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The Man Who Invented Outdoor Christmas Lights

I don’t know it yet, but this Christmas will be my most memorable. It starts in December, the day before the first snowfall of the year. My dad, doing his best to keep busy, idle hands, and all that brings me into what feels like a very adult plan.

“Warn,” he says, holding my coat, hat, and mittens, “Turn off the TV. I need your help.” I happily comply, despite the fact I’m watching Bewitched and it’s a Serena episode.

I follow him to the front yard, where a ladder, extension cords, a long string of lights, and a garden clipper with a telescoping handle await us. Dad starts trimming the tree in the literal sense, doing his best to make sure it is shaped well. He’s trimming it before trimming it. Chopping here and there as offending branches reveal themselves.

My job is to snake the multi-colored lights across the yard to ensure there are no tangles. Luckily, they were put away carefully last year, so it’s fairly easy. Soon the lights are stretched out past our property line. The cords are so long they nearly reach into neighbor Nabors’ yard.

“Now, Warn, you stand next to the ladder, right here,” he says, gently placing me into position. I’m going to start winding the lights around the tree. It’s your job to hold them up and keep the line moving.” He then patiently demonstrates what he means. It’s like a mime pulling a rope, but instead of a rope, it’s a cord, and instead of miming it, there’s something to hold. As dusk settles in, the lights are evenly spaced out and in place.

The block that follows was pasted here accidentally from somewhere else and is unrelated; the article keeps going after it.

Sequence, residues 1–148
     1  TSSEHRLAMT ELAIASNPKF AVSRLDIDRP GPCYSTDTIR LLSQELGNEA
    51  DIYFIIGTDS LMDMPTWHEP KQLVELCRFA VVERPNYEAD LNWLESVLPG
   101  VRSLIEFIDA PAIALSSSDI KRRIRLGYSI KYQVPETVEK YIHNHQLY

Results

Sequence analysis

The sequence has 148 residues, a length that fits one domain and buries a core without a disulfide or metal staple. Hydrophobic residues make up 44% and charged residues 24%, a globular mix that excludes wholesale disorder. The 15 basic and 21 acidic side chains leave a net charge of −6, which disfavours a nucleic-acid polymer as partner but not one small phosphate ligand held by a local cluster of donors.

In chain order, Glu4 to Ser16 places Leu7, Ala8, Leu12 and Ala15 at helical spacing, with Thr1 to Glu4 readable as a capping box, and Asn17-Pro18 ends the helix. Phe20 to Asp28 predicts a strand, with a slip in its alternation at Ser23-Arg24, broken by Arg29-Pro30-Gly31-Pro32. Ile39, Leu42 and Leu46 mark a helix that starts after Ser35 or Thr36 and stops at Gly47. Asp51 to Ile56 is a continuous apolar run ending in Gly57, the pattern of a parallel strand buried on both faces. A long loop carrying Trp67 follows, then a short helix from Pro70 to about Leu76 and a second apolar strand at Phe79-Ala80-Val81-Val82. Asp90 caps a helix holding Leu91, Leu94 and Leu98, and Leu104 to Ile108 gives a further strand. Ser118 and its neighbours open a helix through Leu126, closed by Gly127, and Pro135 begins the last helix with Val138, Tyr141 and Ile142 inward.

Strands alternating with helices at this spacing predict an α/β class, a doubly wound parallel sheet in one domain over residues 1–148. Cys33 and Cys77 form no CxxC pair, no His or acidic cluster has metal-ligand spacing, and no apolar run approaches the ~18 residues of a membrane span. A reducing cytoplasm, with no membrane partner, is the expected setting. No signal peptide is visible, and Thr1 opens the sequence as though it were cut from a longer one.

Mom comes outside without her coat on, which she’d yell at me for doing. She does that little jump up and down that people do when they’re trying to stay warm. She also rubs her hands together. For circulation, I suppose. Honestly, it’s just easier to grab your coat from the pegboard by the backdoor. As she stands next to me, Dad connects the extension cord and moves toward the outside outlet he installed last week. “Okay, family,” he says with a smile, “count backward from 3!”

“3-2-1!” we say together. Dad plugs in the cord, and … nothing.

That doesn’t stop Ray Barnes. Like the mechanical genius my father is, he slaps the side of the circuit box, and there is light. We all clap, including Butch, who is watching from inside, with our cat Ming, who also looks impressed.

For a second, I forget to breathe. Our tree is perhaps the most beautiful thing I’ve ever seen. I’m unable to imagine anything better for all of ten seconds. Then something even better happens.

“Warn, I have one more job for you,” says Dad. He opens a box I hadn’t noticed before. After pulling away several layers of yellowed, fragile-looking tissue paper (my family loves wrapping things in tissue paper), he pulls out an angel tree topper.

“This is from England, where I was born. When I was your age, I used to put this on top of the tree, but now it’s your job. Do you promise to be careful?”

Nodding my head very solemnly, I say, “I do.”

“Good. This was given to me by my grandma. Someday it will be yours.”

My dad leads me up the ladder, holding my waist as we both climb. When I get to the highest wrung, he lifts me into the air. Mom hands me the angel. I fly higher than I’ve ever been and gently place the fragile figurine on the top of the tree. As my dad pulls me away, I notice she’s just a little crooked. I’m back on the ground before I can say anything. Maybe it’s best I didn’t. Moments like this are rare. They’re perfect enough on their own.

I can’t be sure but, in my memories, we were the first family in our neighborhood to have outdoor lights. As other homes begin to decorate, I’m silently sure everyone else is just copying my dad. Each time I stare at our tree, awash in Christmas colors, I’m proud to be the son of the man who invented outdoor Christmas lights.


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